Given Hawkman’s appearance as a semi-regular in “Trinity” and his (SPOILER WARNING) probable demise in Final Crisis #7, now seemed a good time to look back at Hawkman’s rebirth. Geoff Johns and David Goyer fixed the confused continuity of the character in “JSA.” Then Johns and James Robinson launched him in his own series in 2002. That series ran with Hawkman as the star until issue #50, when it became “Hawkgirl.” The series was cancelled in 2007 with issue #66.
Here’s my article on the character and the Johns-Robinson series launch, from March 8, 2002:
The Winged Wonder, Hawkman, is back, in DC’s new “Hawkman” No. 1.
The archaeologist known as Carter Hall was known as Prince Khufu in the days he lived in ancient Egypt.
He’s been reincarnated into many lives, each time reunited with his true love, Hawkgirl.
Hawkman recently returned in the pages of “JSA,” in which he helped the Justice Society of America defeat an ancient evil. He met Kendra Saunders, the JSA’s Hawkgirl, upon his revival. But Kendra has no memory of past lives and wants nothing to do with Hawkman.
As “Hawkman” No. 1 opens, Hawkgirl finds that the deaths of her parents may have actually been murders. She’s forced to enlist the aid of Hawkman as they investigate the mystery in the Southern city of St. Roch, a humid metropolis with a web of corruption and intrigue.
Hawkman was introduced in late 1939 by writer Gardner Fox in “Flash Comics” No. 1. His first adventure was penciled by Denis Neville. Later artists on the title included Sheldon “Shelly” Moldoff and Joe Kubert.
Hawkman’s flying powers came from an antigravity belt made of “ninth metal,” later called “nth metal.”
Hawkman and Hawkgirl – introduced in “Flash Comics” No. 24 – fought crime using ancient weaponry, including crossbows, maces, axes, shields and spears.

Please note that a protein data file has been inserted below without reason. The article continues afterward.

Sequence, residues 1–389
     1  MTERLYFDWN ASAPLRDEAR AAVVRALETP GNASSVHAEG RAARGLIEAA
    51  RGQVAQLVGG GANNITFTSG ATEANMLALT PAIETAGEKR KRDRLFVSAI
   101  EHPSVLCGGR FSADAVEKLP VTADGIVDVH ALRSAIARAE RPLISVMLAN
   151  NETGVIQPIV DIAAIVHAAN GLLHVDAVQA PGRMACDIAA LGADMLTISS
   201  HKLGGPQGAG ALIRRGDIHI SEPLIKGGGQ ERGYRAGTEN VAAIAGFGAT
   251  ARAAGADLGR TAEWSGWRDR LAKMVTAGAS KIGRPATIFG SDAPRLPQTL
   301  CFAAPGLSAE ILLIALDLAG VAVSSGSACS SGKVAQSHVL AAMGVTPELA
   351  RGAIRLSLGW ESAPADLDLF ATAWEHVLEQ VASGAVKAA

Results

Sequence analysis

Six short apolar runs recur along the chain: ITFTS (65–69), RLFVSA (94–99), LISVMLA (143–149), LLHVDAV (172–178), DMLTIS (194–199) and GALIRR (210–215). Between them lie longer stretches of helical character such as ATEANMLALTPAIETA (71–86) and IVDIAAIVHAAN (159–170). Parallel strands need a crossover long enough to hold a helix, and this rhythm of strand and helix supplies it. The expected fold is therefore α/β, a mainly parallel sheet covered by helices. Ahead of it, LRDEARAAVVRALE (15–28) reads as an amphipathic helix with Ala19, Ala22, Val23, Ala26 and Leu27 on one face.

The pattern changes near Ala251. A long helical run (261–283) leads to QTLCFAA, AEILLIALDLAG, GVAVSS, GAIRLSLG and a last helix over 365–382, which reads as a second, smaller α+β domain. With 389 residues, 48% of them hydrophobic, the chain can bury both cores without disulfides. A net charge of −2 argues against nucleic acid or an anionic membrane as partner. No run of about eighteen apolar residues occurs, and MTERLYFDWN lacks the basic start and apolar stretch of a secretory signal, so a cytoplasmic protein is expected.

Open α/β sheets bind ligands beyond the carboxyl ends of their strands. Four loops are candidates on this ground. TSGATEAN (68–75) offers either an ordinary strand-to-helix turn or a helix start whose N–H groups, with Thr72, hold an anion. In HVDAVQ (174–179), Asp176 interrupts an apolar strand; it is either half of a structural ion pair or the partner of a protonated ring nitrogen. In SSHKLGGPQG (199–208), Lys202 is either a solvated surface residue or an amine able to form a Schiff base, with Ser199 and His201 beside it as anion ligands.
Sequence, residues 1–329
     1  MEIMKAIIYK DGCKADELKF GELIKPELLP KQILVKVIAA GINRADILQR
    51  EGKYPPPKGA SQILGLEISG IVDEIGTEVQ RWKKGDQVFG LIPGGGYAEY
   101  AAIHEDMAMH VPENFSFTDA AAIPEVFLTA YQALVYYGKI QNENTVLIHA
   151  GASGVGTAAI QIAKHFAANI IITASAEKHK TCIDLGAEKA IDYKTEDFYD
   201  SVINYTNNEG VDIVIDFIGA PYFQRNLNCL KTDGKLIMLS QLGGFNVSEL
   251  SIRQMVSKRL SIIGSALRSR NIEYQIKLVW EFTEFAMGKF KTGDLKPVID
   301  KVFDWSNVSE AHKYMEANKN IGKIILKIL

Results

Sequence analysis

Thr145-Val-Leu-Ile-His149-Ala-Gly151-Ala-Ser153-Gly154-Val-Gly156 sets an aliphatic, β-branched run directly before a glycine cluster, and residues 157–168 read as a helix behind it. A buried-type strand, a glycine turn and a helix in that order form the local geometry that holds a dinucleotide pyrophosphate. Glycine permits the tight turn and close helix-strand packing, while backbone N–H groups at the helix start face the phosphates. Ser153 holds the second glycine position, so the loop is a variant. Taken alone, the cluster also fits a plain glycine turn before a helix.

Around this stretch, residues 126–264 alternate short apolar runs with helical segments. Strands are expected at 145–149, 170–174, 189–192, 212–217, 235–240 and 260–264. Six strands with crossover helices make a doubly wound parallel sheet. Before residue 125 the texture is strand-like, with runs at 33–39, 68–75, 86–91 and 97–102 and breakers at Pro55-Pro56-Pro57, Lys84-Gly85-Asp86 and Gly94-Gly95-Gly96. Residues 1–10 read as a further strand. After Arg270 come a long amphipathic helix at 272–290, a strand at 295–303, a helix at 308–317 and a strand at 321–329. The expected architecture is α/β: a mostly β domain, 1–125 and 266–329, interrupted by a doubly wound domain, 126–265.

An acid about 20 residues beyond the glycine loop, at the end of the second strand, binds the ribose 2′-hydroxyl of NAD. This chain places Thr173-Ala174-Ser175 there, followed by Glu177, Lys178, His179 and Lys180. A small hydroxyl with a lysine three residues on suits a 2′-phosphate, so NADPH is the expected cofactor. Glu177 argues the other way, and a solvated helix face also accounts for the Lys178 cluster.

This series ran until 1949. In 1961, Hawkman was revived in “Brave and Bold” No. 34.
In the “Silver Age,” the period in the 1960s in which DC and Marvel revived many of their 1940s heroes, Hawkman was a visiting policeman from the planet Thanagar.
This Hawkman received several tryouts in “Brave and Bold” before getting a regular feature in “Mystery in Space,” which was followed by Hawkman getting his own title in 1964.
The stories in “Brave and Bold” and “Mystery in Space” are reprinted in DC’s “Hawkman Archives.”
As the second superhero boom came to a close, Hawkman’s title was folded into “Atom and Hawkman” in 1968, which lasted into the next year. Hawkman stayed around as a member of the Justice League of America through most of the 1970s, before getting a short-lived series in 1986.
The next big change for the character was Tim Truman’s “Hawkworld” in 1989. This three-issue prestige miniseries, like “Man of Steel” for Superman or “Year One” for Batman, attempted to give the Hawkman story more modern relevance.
In “Hawkworld,” Katar Hol, the Thanagarian Hawkman, is in conflict with his world’s imperialistic, racist government.
The success of this miniseries led to a “Hawkworld” monthly title in 1990, which brought Hawkman and Hawkwoman to Earth.
“Hawkworld” ran until 1993, when it was replaced by a new “Hawkman” series. This series was plagued by trying to tie up loose ends in Hawkman’s backstory, and eventually had Hawkman become the “hawk avatar,” encompassing all of the Hawkmen of the past.
By the time the series ended in 1996, the backstory of Hawkman had become even more confused, causing DC to take a hands-off approach with the character for a time.
The success of the “JSA” series led writers David Goyer and Geoff Johns to reintroduce the Carter Hall character in issue Nos. 23-25, aptly titled “The Return of Hawkman.”
– Matthew Price